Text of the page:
Moving into a new home that has a HOA
Are you thinking about buying a new home, perhaps in Florida? The property you have picked out looks like a lovely place and has all the amenities you could hope for but, wait, it also has a HOA. If you have never dealt with a Home Owners’ Association, you need to be aware of a couple of things.
You will need permission from the HOA to do almost anything on the outside of your house. If you want to paint, the color will have to be approved. If you need a tree cut down, you will need to get a green light from the HOA. If you have work done, you will have to do it within the time frame that the HOA documents state. That is actually good news, since it prevents your neighbors from painting their house purple with orange spots, keeps them from cutting down a historic tree, and stops them from taking five years to re-side the house.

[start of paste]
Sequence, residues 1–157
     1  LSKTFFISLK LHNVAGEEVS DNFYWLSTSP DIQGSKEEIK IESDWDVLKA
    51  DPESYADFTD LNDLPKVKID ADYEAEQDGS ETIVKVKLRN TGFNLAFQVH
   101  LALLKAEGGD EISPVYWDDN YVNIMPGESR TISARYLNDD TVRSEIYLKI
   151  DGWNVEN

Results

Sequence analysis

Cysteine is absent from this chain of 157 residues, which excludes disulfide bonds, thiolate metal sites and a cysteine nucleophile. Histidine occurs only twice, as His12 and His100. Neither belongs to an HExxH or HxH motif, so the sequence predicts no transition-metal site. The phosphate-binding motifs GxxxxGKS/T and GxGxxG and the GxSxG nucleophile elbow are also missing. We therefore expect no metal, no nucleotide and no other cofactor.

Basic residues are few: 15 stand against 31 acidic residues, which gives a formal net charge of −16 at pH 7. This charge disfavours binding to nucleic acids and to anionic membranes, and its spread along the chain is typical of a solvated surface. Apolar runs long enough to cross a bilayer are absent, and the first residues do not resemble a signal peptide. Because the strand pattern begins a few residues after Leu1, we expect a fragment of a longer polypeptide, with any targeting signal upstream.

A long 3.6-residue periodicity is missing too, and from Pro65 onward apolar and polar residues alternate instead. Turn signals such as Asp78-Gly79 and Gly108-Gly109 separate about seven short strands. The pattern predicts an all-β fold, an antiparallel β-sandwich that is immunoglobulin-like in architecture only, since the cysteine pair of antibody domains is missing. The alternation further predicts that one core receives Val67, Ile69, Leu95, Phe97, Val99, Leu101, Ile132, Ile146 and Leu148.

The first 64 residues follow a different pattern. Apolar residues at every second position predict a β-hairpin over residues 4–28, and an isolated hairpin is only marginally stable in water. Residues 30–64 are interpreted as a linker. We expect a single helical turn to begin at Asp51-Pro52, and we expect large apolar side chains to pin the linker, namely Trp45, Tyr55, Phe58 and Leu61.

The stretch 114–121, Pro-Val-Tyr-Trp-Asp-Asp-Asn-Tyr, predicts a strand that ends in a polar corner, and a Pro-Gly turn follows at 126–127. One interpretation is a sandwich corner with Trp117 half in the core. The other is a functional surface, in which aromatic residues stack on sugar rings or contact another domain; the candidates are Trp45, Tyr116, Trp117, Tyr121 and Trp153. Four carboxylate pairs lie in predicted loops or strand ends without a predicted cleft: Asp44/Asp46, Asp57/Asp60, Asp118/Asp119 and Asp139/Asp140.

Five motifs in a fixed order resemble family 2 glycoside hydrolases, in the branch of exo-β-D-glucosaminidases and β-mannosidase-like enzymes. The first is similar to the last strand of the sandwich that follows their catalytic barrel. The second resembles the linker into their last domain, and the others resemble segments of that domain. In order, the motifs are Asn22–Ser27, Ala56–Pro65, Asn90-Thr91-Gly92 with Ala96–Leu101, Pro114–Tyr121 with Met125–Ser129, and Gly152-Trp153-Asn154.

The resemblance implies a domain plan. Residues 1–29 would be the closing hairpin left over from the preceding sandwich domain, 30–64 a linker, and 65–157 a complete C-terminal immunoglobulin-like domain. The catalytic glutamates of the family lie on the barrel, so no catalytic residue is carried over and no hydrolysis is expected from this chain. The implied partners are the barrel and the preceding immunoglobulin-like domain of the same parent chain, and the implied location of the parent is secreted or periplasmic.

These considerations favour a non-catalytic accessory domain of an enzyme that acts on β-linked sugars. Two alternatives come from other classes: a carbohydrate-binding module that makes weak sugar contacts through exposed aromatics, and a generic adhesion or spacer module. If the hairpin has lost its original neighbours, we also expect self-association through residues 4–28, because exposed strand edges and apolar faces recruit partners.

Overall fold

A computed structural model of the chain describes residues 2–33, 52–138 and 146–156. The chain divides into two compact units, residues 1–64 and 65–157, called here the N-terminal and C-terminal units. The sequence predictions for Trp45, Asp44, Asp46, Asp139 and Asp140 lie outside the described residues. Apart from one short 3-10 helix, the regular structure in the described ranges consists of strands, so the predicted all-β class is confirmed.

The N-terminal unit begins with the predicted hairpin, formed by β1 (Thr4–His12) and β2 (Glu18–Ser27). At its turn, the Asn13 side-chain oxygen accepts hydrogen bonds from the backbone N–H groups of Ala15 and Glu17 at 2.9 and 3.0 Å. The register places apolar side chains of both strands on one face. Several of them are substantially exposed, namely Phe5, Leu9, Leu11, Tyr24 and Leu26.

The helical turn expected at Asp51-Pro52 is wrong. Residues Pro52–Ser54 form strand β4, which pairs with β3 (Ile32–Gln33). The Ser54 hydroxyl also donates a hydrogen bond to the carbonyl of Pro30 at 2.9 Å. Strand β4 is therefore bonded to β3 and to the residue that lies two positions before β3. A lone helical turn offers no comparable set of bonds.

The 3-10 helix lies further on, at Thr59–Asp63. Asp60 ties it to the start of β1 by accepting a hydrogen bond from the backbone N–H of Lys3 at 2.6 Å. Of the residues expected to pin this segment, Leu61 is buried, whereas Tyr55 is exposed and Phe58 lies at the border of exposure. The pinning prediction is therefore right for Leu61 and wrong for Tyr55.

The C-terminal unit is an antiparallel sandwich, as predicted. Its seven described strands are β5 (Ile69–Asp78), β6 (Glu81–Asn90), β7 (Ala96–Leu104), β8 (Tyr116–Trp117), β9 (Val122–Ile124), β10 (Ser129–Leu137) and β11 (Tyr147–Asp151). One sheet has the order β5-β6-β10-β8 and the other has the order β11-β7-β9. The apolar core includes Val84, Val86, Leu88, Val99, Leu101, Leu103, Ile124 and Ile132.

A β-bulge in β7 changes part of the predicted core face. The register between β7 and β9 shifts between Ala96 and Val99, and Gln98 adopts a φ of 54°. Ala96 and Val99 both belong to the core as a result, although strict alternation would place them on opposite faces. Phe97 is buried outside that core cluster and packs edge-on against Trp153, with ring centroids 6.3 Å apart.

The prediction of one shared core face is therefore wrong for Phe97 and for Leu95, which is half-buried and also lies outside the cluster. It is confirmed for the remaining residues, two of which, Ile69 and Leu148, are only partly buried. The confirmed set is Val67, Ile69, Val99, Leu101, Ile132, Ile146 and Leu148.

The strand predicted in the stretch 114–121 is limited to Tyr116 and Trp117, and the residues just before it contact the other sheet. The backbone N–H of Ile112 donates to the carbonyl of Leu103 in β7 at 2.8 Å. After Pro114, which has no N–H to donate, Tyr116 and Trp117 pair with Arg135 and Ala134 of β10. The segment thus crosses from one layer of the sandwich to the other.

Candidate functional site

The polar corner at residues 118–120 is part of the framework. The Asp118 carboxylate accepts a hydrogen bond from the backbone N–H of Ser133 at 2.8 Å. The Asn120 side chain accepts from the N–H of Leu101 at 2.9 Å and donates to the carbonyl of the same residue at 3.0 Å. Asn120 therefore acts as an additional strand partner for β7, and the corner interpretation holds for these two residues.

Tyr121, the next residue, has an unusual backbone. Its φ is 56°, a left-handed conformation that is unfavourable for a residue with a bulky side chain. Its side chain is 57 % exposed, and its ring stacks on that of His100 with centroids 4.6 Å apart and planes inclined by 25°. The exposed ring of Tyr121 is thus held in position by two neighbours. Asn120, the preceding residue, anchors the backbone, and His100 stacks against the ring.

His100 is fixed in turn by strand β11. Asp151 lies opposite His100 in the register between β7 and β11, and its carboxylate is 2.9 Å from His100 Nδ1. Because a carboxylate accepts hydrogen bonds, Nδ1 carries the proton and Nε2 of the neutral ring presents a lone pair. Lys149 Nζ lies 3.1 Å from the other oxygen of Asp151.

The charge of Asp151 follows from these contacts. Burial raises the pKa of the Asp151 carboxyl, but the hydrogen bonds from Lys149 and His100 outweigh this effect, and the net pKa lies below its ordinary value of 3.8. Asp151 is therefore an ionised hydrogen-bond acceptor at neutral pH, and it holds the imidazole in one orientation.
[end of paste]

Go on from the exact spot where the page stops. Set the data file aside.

Now for the bad news: when I worked for a builder in South Jersey, the HOA monthly fee was a pretty reasonable $25 a month. But that was because the builder supplemented the HOA fee of every homeowner. As soon as the builder moved out and moved on, the HOA fee was going to double or possibly triple. While $25 times whatever does not seem like much, what if the monthly fee had been several hundred dollars?
Before you buy that perfect new home, check into the track record of HOA fees for the property and the builder. What is the actual expected monthly fee? Can you afford it? Do you want to pay that much? It might be better to purchase a slightly-older home with few or no amenities, rather than pay an exorbitant monthly fee for as long as you own the house. Do you really need a shuffleboard court? Will you ever use the tennis courts? Do you even LIKE saunas?
Let’s do the math here- get a new house in a brand new subdivision, pay $1000 a month (or more) forever to have a pool that the HOA owns and everyone in the area uses, or buy an older house and get a pool installed that you will own, once you pay for it. Food for thought.